NetMap's Technical Help Guide

Channel Sedimentation Potential

Channel Sedimentation Potential
Parameter Description: NetMap’s Channel  Sedimentation Model uses either Generic Erosion Potential (GEP) or it conversion form of sediment field (t/km2/yr). Sedimentation potential is based on GEP or sediment yield divided by Stream Power.  Stream power is calculated as channel slope gradient multiplied by drainage area.
Data Type: Line (stream layer)
Field Name: LOCSEDPOT; Common Name: Local Sedimentation Potential (uses GEP or sediment yield)
Field Name: CUMSEDPOT; Common Name: Cumulative Sedimentation Potential (uses GEP or sediment yield)
Field Name: LOCSEDPOTM; Common Name: Local Sedimentation Potential (using modified GEP or sediment yield)
Field Name: CUMSEDPOTM; Common Name: Cumulative Sedimentation Potential (using modified GEP or sediment yield)
Units: GEP/Stream Power or Sediment Yield (t/km2/yr)/Stream Power
NetMap Module/Tool: Erosion
Model Description:
Sedimentation potential is estimated by dividing the sediment supply index (either GEP or sediment yield [t km-2 yr-1]) by stream power (Figure 1).  Stream power is a measure of the energy of a stream channel including that which is related to the ability to transport sediment, including bedload and suspended load. Stream power is calculated as: ρgQs where ρ is density of water (1000 kg/m3), g is acceleration due to gravity (9.8 m/s2), Q is discharge (m3/s) and S is channel slope. Q is calculated as WdV where W is bankfull channel width (m), d is bankfull channel depth, and v is velocity (m/s).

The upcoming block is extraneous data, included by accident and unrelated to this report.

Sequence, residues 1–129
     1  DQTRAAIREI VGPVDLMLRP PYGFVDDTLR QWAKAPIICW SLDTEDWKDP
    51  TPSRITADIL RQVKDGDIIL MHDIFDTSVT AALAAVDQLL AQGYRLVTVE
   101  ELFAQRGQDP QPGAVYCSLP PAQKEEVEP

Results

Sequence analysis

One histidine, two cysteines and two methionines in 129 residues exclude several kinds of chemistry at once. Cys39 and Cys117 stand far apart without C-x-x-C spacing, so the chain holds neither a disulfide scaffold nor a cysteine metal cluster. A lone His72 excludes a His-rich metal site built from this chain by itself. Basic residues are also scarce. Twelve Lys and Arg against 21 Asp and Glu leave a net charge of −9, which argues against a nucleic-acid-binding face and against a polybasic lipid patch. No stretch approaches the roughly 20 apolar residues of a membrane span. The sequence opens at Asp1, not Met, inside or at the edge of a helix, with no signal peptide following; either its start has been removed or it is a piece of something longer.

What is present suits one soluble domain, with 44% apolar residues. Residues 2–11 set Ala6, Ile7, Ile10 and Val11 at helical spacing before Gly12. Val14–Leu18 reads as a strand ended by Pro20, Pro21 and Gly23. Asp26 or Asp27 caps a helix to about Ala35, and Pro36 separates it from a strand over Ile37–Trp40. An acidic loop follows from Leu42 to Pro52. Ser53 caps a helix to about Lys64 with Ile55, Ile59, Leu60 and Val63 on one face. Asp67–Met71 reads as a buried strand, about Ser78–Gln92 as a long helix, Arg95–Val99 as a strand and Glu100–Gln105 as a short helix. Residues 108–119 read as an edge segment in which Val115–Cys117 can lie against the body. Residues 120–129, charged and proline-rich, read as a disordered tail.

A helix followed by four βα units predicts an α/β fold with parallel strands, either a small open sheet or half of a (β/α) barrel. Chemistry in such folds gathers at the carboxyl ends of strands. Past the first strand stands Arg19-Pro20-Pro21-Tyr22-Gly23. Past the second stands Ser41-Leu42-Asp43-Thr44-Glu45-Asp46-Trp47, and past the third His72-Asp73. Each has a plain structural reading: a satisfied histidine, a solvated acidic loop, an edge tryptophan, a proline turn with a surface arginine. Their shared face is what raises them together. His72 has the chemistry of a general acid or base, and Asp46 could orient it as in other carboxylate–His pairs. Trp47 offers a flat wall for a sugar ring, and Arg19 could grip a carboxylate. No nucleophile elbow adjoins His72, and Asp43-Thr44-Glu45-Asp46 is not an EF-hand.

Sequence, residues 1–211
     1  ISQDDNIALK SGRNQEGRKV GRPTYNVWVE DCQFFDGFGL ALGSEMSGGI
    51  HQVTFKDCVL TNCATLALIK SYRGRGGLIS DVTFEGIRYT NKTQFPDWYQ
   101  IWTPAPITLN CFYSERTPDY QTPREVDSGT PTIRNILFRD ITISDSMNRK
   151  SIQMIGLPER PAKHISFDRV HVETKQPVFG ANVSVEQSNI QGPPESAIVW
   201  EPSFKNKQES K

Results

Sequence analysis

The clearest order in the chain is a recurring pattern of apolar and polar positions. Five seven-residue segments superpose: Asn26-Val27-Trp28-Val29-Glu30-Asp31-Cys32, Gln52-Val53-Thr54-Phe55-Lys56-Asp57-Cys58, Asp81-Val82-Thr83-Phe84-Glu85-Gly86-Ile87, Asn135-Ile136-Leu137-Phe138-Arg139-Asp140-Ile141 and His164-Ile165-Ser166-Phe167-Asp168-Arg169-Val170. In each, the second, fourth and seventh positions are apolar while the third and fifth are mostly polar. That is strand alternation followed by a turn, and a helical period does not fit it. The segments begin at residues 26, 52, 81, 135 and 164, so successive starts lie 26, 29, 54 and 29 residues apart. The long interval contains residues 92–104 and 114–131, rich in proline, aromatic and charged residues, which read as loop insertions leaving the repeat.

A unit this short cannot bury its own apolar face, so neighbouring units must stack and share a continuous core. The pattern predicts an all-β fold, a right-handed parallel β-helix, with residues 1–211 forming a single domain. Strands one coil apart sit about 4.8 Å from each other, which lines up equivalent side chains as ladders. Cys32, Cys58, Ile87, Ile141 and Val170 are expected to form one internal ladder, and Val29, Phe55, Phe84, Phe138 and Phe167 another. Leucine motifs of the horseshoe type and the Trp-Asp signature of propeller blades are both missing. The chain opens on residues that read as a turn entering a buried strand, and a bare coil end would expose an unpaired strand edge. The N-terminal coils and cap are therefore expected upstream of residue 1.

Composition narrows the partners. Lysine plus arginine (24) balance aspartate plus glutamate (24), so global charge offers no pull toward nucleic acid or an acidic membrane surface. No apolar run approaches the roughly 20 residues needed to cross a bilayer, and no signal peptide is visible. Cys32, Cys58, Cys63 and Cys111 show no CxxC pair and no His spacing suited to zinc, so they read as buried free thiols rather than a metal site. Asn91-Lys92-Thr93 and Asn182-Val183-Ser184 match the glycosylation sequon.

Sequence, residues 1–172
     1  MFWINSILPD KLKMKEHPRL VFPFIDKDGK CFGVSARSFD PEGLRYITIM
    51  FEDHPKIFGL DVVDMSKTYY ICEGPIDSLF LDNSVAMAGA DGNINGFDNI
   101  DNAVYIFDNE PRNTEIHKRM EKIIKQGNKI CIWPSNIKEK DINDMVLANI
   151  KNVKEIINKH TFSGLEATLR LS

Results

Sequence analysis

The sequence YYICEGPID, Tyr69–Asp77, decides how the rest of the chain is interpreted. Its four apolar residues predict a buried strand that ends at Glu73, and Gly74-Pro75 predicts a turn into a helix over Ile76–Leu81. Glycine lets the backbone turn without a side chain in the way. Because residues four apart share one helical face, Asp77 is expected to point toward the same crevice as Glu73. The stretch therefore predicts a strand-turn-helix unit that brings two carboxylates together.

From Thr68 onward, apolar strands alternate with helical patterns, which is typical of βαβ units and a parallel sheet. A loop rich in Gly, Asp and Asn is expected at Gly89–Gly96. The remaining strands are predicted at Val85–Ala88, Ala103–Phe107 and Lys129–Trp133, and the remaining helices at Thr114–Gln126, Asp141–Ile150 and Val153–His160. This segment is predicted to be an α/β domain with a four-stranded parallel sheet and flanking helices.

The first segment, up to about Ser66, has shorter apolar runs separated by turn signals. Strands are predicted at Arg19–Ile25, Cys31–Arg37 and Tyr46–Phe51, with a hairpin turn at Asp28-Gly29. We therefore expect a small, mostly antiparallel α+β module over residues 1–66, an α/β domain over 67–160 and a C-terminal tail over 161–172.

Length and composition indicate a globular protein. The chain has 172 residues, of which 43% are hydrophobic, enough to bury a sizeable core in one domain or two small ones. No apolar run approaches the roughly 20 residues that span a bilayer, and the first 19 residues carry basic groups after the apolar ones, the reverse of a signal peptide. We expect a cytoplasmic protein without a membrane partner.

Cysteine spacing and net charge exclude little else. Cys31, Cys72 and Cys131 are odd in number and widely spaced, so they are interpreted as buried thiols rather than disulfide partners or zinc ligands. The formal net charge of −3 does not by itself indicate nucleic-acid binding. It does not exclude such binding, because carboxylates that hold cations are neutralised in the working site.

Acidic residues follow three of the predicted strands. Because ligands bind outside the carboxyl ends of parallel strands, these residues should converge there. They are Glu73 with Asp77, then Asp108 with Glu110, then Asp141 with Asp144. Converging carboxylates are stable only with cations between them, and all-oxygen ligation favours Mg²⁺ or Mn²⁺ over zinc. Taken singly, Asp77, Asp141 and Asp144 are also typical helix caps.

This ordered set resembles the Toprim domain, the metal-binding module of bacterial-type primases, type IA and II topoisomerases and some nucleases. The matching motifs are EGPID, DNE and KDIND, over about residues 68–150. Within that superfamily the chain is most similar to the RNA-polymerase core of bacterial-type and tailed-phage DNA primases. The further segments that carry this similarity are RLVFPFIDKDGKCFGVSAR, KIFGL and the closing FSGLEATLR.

Figure 1. NetMap's sedimentation tool.
In addition to channel-segment based predictions of sediment supply and sedimentation, NetMap includes two parameters designed solely to address confluence related environments.  NetMap includes other parameters that characterize the potential for confluences to create unique geomorphic environments (see Parameter Library) but they do not address the issue of sediment supply (i.e., the relative importance of tributary fluxes of sediment compared to the sediment flux of the mainstem) or channel conditions at the confluence that would promote or discourage confluence effects (i.e., channel gradient or stream power).  Thus, NetMap includes two other parameters that can be used to consider the potential for watersheds to create unique confluence environments.  The first is the ratio of predicted sediment supply between the mainstem and the tributary (e.g., aggregated GEP of the tributary/aggregated GEP of the mainstem); the lower the ratio, the more likely the tributary can create unique confluence environments in mainstem rivers (e.g., Ferguson et al. 2006).  The second parameter takes the confluence ratio of sediment supply and divides it by stream power (of the mainstem channel segment where the tributary intersects).  Thus, higher values of this parameter should be associated with confluences that may have a higher likelihood of creating certain types of depositional environments.  These two confluence-related sediment parameters should be used in conjunction with other confluence and stream parameters in NetMap to estimate the likelihood of encountering confluence effects in watersheds.
The erosion and sedimentation indices are calculated at two different scales (Figures 2 and 3), including 1) local sediment supply to channel segments, in GEP/ yr (GEP/km2/yr) and 2) channel GEP aggregated downstream, called cumulative sediment supply and area weighted, in GEP/km2/yr1, 4).  Sediment yields in terms of tons are expressed in the same formats (e.g., t/km2/yr).
Table. The erosion and sedimentation parameters (GEP and sediment yield) in NetMap are located in the Erosion map generator.
Figure 2. Sedimentation potential at the reach (100 m) scale using local (stream adjacent hillside, drainage wing) erosion and sediment supply potential.
Figure 3. Sedimentation potential at the reach (100 m) scale using aggregated or cumulative erosion and sediment supply potential.

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